How Con Artists Manipulate Your Emotions in Genius (and Evil) Ways

Psychologist and writer Maria Konnikova on how to out-smart a con artist.

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The Ben Franklin effect is an oddly simple phenomenon. It was first discussed, as one could guess, by the man himself in his autobiographical writings. Benjamin Franklin used it on legislators that he was at odds with, to make them be more kind to him.

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Why Our Hearts and Minds Are Easy Targets for Con Artists, Holy Men and Cult Leaders

Psychologist and writer Maria Konnikova looks at the mechanisms of human nature that have allowed con artists, religious authorities, and cult leaders to prevail for thousands of years.

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What is the difference between a cult and a religion? Perhaps not much. There are a lot of questions in this world, and people start asking at a young age. When a baby with a rattle bangs it on the table, it learns that the rattle makes noise. The baby is fascinated by cause and effect. That’s why they like to pull your hair and feel the tension in the strands. It’s why they are always throwing things from their high chairs.

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A Con Artist Sold the Eiffel Tower Twice — by Listening, Not Selling

We tend to think con artists are smooth talkers and persuasive sellers, but listening is their most important quality, says Maria Konnikova, who has written a new book on con artistry.

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We tend to think con artists are smooth talkers and persuasive sellers, but listening is their most essential quality, says Maria Konnikova, who has written a new book on con artistry. Here she discusses the case of Victor Lustig, a Frenchman who sold the Eiffel Tower twice for scrap metal to two different buyers. Too embarrassed at being taken in, the buyers never reported Lustig.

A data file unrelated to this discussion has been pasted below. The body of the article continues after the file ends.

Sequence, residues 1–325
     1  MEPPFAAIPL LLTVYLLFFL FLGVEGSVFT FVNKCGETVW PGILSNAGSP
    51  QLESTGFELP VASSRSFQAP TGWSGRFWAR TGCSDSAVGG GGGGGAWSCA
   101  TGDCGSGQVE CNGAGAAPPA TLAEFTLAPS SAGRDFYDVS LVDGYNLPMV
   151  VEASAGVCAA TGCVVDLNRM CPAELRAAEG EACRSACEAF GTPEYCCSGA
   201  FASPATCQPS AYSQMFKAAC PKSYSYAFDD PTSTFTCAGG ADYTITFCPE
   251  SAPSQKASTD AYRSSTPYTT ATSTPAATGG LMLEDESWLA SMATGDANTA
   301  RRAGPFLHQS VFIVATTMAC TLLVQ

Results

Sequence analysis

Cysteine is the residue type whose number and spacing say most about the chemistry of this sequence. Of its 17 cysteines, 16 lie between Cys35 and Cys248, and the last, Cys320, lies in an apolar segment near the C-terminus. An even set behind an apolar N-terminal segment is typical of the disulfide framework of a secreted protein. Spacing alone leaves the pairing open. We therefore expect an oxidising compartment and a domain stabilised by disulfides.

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What Psychological Traits Does the Con Artist Look for in Victims?

The con artist is more of a psychologist than a thief, explains Maria Konnikova. If fact, con artists will never actually steal anything from you; they'll convince you to hand it over freely.

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The history of the term "con artist" illuminates some essential traits of this lamentable profession. Maria Konnikova explains that the first con artist was a Manhattan watch thief who would prey on the goodwill of his victims, asking to borrow their watch until the following day. Of course the watch was never returned and the confidence invested by the victim in the thief was also lost. Indeed the con artist is more of a psychologist than a thief. Con artists will never steal anything from you, says Konnikova, they'll convince you to hand it over freely.